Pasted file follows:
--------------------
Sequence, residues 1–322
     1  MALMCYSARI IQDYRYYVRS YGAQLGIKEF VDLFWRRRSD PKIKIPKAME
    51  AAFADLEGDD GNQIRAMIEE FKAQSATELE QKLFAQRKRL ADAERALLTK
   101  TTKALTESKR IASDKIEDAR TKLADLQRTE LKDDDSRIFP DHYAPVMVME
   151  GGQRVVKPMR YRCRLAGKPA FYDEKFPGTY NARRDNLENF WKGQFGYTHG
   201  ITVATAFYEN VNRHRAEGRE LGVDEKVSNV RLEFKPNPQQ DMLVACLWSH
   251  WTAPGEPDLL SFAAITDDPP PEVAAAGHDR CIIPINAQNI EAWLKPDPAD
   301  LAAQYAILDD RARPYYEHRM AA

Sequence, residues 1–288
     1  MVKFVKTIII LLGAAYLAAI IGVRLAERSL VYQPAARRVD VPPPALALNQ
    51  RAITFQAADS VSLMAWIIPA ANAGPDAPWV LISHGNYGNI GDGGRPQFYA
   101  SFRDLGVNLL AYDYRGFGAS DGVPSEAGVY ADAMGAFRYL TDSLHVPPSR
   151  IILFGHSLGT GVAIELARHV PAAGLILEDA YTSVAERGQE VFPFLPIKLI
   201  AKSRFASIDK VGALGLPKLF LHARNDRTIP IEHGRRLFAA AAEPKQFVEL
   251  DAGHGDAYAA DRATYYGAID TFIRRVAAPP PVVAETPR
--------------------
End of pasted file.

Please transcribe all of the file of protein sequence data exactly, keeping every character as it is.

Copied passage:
Sequence, residues 1–322
     1  MALMCYSARI IQDYRYYVRS YGAQLGIKEF VDLFWRRRSD PKIKIPKAME
    51  AAFADLEGDD GNQIRAMIEE FKAQSATELE QKLFAQRKRL ADAERALLTK
   101  TTKALTESKR IASDKIEDAR TKLADLQRTE LKDDDSRIFP DHYAPVMVME
   151  GGQRVVKPMR YRCRLAGKPA FYDEKFPGTY NARRDNLENF WKGQFGYTHG
   201  ITVATAFYEN VNRHRAEGRE LGVDEKVSNV RLEFKPNPQQ DMLVACLWSH
   251  WTAPGEPDLL SFAAITDDPP PEVAAAGHDR CIIPINAQNI EAWLKPDPAD
   301  LAAQYAILDD RARPYYEHRM AA

Sequence, residues 1–288
     1  MVKFVKTIII LLGAAYLAAI IGVRLAERSL VYQPAARRVD VPPPALALNQ
    51  RAITFQAADS VSLMAWIIPA ANAGPDAPWV LISHGNYGNI GDGGRPQFYA
   101  SFRDLGVNLL AYDYRGFGAS DGVPSEAGVY ADAMGAFRYL TDSLHVPPSR
   151  IILFGHSLGT GVAIELARHV PAAGLILEDA YTSVAERGQE VFPFLPIKLI
   201  AKSRFASIDK VGALGLPKLF LHARNDRTIP IEHGRRLFAA AAEPKQFVEL
   251  DAGHGDAYAA DRATYYGAID TFIRRVAAPP PVVAETPR